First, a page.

Can multiple-star systems support life-bearing planets? This is an important question for astrobiologists because more than half of all stars in our galaxy belong to binary, triple, or higher-order systems. Astronomers have found several giant planets orbiting one member of widely separated binary systems. But a recent discovery, if confirmed, shows that tighter multiple-star systems can also have planets.
In the July 14th Nature, Maciej Konacki (Caltech) reports a planet orbiting the triple-star system HD 188753 in Cygnus. Konacki employed a novel technique that he developed to find planets around binary stars. He used the 10-meter Keck I Telescope to tease out the gravitational wobble caused by a planet with at least 1.14 Jupiter masses in a tight, 3.35-day orbit around the primary star, a G dwarf nearly identical to the Sun. The primary, in turn, has two stellar companions (a G-dwarf and a K-dwarf) a little less massive than the Sun that orbit each other as a binary pair. The primary star and the two secondary stars, in turn, go around each other in an elongated orbit that ranges from about 6 to 18 times the average Earth-Sun distance, or about from Jupiter's to Uranus's distance from the Sun.
"The environment in which this system planet exists is quite spectacular," says Konacki, who likens it to Luke Skywalker's home planet Tatooine in the Star Wars saga. "With three suns, the sky view must be out of this world, literally and figuratively."
The existence of a "hot Jupiter" planet in such a tight triple-star system poses challenging questions about how planets form. Theorists have long thought that hot Jupiters form much farther from their host stars and migrate into tight orbits through gravitational interactions with their circumstellar disks. But it's highly unlikely this could have happened in HD 188753. The disrupting gravitational influence of the secondary pair of stars would have truncated the disk around the primary, severely limiting the amount of available material to make a giant planet.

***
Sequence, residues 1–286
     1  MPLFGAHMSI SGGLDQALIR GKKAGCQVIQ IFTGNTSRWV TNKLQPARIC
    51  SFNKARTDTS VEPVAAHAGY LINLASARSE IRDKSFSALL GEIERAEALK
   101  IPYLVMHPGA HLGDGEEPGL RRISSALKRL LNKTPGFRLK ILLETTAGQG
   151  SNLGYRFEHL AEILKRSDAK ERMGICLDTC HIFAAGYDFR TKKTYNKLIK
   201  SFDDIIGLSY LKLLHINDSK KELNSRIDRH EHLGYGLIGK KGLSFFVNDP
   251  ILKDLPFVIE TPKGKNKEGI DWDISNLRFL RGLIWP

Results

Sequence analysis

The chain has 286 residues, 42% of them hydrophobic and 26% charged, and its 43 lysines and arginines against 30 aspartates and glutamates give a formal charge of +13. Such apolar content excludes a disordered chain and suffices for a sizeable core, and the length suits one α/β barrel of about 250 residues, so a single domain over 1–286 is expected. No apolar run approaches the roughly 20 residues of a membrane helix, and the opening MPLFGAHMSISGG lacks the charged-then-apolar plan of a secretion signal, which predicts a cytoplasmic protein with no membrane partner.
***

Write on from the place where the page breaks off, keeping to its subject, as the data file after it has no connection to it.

Theorists Alan P. Boss (Carnegie Institution of Washington) and Jack J. Lissauer (NASA/Ames Research Center) think the planet probably formed at a greater distance from its host star and was flung into its current orbit during complex gravitational interactions that should occur as multiple-star systems evolve from unstable to stable configurations. This game of cosmic billiards may have involved other stars that were once bound to HD 188753 and were subsequently ejected, or interloping stars in the crowded cluster environment.
Several astronomers have expressed caution about this reported discovery, noting the relatively low precision and small number of radial-velocity observations reported in the Nature paper.